The medical world is well-aware of over 100 types of cancer. But they’ll now have to learn about a new subtype of the dreadful disease that makes the body’s cells grow uncontrollably and spread to other areas as well.
According to SciTechDaily, scientists have discovered, thanks to a new study funded by the National Cancer Institute (R21CA223140) among others, a new subtype of pediatric liver cancer that poses a high risk. Pediatric pathologists discovered that the histological characteristics of some liver tumors don’t exactly match the models of hepatocellular carcinoma (HCC) or hepatoblastoma (HB).
The scientists wrote in their research:
Our single-institution study suggested that histological features seen in HBCs are associated with combined HB and HCC molecular features, that HBCs have poor outcomes irrespective of patient age, and that transplanted HBCs are more likely to have good outcomes than HBCs that are treated with chemotherapy and surgery alone. These findings highlight the importance of molecular testing and early therapeutic intervention for aggressive childhood hepatocellular neoplasms.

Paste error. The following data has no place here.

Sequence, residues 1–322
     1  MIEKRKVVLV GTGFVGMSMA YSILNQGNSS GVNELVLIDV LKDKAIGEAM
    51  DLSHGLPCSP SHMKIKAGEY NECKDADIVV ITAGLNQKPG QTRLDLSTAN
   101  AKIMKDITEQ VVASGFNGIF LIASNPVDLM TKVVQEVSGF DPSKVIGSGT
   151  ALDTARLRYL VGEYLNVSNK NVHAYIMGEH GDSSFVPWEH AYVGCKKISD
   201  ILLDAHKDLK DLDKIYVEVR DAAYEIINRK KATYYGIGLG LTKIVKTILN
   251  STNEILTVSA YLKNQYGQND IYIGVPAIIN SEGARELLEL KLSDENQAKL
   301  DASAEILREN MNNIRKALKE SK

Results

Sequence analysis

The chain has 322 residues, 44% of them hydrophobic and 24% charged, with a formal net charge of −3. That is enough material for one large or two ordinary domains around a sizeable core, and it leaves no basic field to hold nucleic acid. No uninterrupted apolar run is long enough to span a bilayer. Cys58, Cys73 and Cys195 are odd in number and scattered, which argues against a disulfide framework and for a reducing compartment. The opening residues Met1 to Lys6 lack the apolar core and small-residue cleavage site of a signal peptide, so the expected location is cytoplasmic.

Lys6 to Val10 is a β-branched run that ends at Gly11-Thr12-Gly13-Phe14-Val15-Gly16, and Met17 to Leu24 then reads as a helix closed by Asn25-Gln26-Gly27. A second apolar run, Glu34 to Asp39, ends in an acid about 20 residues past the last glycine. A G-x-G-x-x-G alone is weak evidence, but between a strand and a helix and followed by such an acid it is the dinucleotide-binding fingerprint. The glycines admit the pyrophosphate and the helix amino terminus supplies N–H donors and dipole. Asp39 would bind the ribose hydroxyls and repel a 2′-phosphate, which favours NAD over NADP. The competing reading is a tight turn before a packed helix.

Here’s a graphical abstract of the new work:
Dr. Dolores López-Terrada, who is a corresponding author of the new paper, explained as SciTechDaily quotes:
Our findings highlight the importance of molecular testing to accurately classify these tumors to optimize treatment recommendations at the time of initial diagnosis,
Our analysis suggested that children with HBCs may benefit from treatment strategies that differ from the guidelines for patients with hepatoblastoma and hepatocellular carcinoma.
As for primary liver cancer, there are four main types: hepatocellular carcinoma (HCC), fibrolamellar hepatocellular carcinoma, bile duct cancer (cholangiocarcinoma), and angiosarcoma. Primary liver cancer also usually affects more men than women.
The new research was published in Journal of Hepathology.